MA, Geography (University of British Columbia 2012); BA, International Comparative Studies, Environmental Science & Policy (Duke University 2009)
McCone Hall Rm. 197
My current research explores the politics of small-scale tin mining (known as cooperative mining) near the city of Oruro, Bolivia. Working at the intersection of postcolonial theory, political economy, and race critical theory, I consider the growth of small-scale mining in relation to questions of plurinationalism and indigeneity. Check out my more journalist take on cooperative mining here, or listen to an interview I did with The Young Turks here. In the past, I have undertaken projects on community water governance in Cochabamba and fair trade craft certification.
My research has been supported by a Berkeley Fellowship, the Social Sciences and Humanities Research Council (SSHRC) of Canada, the Social Sciences Research Council (SSRC), and the Trudeau Foundation of Canada.
Marston, A., & Perreault, T. (2016). Consent, coercion and cooperativismo: Mining cooperatives and resource regimes in Bolivia. Environment and Planning A. DOI: 10.1177/0308518X16674008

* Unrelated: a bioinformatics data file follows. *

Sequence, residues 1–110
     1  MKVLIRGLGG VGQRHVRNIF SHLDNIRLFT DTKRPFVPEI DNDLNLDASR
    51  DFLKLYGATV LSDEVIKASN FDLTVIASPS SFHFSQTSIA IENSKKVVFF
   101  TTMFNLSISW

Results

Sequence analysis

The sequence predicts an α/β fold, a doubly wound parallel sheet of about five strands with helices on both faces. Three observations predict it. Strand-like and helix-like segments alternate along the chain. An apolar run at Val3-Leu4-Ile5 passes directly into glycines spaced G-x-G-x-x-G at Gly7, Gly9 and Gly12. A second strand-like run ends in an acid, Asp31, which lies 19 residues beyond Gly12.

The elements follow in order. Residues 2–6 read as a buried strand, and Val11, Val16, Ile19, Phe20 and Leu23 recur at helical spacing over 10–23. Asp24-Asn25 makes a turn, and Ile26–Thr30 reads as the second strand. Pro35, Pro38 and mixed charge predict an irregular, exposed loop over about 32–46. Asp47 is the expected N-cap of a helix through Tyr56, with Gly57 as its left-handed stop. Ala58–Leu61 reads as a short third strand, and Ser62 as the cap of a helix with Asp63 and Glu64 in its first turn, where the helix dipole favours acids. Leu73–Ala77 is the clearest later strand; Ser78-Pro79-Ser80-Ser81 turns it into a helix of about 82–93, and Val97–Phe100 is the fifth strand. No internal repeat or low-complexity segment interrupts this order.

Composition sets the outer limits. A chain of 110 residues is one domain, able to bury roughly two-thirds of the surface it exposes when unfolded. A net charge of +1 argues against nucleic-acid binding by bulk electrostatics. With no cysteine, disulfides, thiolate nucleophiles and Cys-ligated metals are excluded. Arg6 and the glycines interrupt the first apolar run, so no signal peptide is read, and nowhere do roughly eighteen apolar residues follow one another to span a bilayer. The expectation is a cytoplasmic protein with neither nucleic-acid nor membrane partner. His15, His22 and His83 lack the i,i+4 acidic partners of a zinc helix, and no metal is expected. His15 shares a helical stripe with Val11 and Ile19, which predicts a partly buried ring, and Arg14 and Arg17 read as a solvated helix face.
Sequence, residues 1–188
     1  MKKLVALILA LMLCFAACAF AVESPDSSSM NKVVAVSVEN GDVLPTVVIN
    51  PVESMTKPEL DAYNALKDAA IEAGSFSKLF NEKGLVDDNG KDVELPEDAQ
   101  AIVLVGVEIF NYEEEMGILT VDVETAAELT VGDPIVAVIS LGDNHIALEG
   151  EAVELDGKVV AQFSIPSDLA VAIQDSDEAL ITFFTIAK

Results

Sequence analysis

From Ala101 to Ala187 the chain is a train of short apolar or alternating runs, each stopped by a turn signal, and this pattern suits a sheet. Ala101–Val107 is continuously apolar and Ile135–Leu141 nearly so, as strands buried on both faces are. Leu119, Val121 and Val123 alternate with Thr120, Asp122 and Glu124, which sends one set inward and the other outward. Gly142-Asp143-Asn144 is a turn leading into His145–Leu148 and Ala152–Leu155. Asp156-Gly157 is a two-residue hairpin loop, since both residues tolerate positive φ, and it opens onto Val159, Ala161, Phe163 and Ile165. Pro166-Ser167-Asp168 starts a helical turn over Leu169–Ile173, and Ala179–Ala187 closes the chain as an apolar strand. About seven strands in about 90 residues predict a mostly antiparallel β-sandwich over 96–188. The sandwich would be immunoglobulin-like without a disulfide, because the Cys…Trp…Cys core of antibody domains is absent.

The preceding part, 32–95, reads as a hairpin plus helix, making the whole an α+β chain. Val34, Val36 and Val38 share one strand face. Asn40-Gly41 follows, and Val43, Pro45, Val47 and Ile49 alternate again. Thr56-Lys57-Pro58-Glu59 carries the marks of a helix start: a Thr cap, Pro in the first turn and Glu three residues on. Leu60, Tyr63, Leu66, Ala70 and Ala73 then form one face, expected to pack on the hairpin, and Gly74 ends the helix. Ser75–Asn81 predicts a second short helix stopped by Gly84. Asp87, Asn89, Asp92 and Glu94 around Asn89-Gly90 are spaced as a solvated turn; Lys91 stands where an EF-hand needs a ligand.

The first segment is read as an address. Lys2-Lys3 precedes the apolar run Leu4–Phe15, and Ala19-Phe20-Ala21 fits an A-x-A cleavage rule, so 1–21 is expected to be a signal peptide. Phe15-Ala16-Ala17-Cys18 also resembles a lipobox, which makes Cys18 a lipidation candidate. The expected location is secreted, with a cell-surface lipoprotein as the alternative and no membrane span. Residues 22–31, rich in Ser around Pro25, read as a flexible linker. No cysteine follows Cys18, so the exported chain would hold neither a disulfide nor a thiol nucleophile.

Marston, A.J. (2016). Alloyed waterscapes: mining and water at the nexus of corporate social responsibility, resource nationalism, and small-scale mining. WIREs Water. DOI: 10.1002/wat2.1175
Marston, A.J. (2015). Autonomy in a post-neoliberal era: Community water governance in Cochabamba, Bolivia. Geoforum, 64, 246–256.
de Freitas, C., Marston, A.J., & Bakker, K. (2015). Not-quite-neoliberal natures in Latin America: An introduction. Geoforum, 64, 239–245.
Marston, A.J. (2014) The Scale of Informality: Community-Run Water Systems in Peri-Urban Cochabamba, Bolivia. Water Alternatives 7(1), 72-88.
Marston, A. (2013) Justice for all? Material and semiotic impacts of Fair Trade craft certification. Geoforum 44, 162-169.
GRADUATE STUDENT INSTRUCTION:
- Development in Theory & History (DS100/Geog 112), Prof. Gillian Hart, Spring 2014
- Postcolonial Geographies (DS150/Geog123), Prof. Gillian Hart, Fall 2013
Photo credit: Mollie Van Gordon